Israel PM calls on US to stop Iran nuclear talks

Israel PM Naftali Bennett calls on US to stop Iran nuclear talks
2 min read
02 December, 2021
In a phone call with US Secretary of State Antony Blinken, Bennett called for "concrete measures" to be taken against Iran.
The Israeli premier also expressed concern about a new report from the UN nuclear watchdog which he said showed Iran had "started the process of enriching uranium to the level of 20% purity" [Getty]

Israeli Prime Minister Naftali Bennett called Thursday for an "immediate cessation" of resumed nuclear talks between Iran and major powers in Vienna, accusing the Islamic republic of "nuclear blackmail".

In a phone call with US Secretary of State Antony Blinken, Bennett, who has been a consistent opponent of the 2015 agreement the powers have been seeking to revive, called instead for "concrete measures" to be taken against Iran.

He said "Iran was carrying out 'nuclear blackmail' as a negotiation tactic and that this must be met with an immediate cessation of negotiations and by concrete steps taken by the major powers," a statement from his office said.

It said Blinken had updated Bennett on what had been happening in the talks since their resumption on Monday after a five-month hiatus.

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The Israeli premier expressed concern about a new report from the UN nuclear watchdog issued during the talks which he said showed Iran had "started the process of enriching uranium to the level of 20% purity with advanced centrifuges at its Fordo underground facility".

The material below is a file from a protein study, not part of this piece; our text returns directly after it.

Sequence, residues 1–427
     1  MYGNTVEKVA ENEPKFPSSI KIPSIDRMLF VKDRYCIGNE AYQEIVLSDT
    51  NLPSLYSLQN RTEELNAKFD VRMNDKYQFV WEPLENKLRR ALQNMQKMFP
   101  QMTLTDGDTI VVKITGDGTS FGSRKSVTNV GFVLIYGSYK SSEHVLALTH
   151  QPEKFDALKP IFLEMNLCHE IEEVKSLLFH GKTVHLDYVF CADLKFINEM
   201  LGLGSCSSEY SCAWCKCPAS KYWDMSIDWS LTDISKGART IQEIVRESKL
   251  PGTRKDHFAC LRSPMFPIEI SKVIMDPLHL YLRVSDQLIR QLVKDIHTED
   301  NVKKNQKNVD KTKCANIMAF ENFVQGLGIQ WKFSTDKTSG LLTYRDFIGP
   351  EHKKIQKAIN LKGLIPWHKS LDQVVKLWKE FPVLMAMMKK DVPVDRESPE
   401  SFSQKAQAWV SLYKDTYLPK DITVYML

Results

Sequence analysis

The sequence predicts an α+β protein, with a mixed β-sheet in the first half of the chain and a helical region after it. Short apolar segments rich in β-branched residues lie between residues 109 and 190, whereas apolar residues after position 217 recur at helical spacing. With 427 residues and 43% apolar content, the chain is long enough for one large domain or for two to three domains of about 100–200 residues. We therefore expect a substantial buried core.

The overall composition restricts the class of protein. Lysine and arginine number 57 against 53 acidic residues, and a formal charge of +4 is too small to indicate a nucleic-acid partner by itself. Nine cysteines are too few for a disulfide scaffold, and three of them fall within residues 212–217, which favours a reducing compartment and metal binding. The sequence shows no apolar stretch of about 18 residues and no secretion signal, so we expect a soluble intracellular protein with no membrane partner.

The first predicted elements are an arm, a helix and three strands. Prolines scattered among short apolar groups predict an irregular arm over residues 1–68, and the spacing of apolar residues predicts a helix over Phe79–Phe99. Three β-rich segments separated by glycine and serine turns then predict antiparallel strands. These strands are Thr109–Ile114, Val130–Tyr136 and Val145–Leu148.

A year after then US president Donald Trump pulled out of the nuclear agreement in 2018 and started imposing sweeping sanctions, Iran began a gradual suspension of its undertakings in the deal.

The countermeasures have seen Iran enrich uranium in greater quantities and to higher levels of purity than it had agreed, something Western governments are eager to end as quickly as possible.

Iran insists the absolute priority is the lifting of all US sanctions imposed after Trump's abandonment of the deal.

The remaining parties to the 2015 agreement -- Britain, China, France, Germany and Russia -- have been participating directly in the Vienna talks. At Iran's insistence, the United States is doing so only indirectly.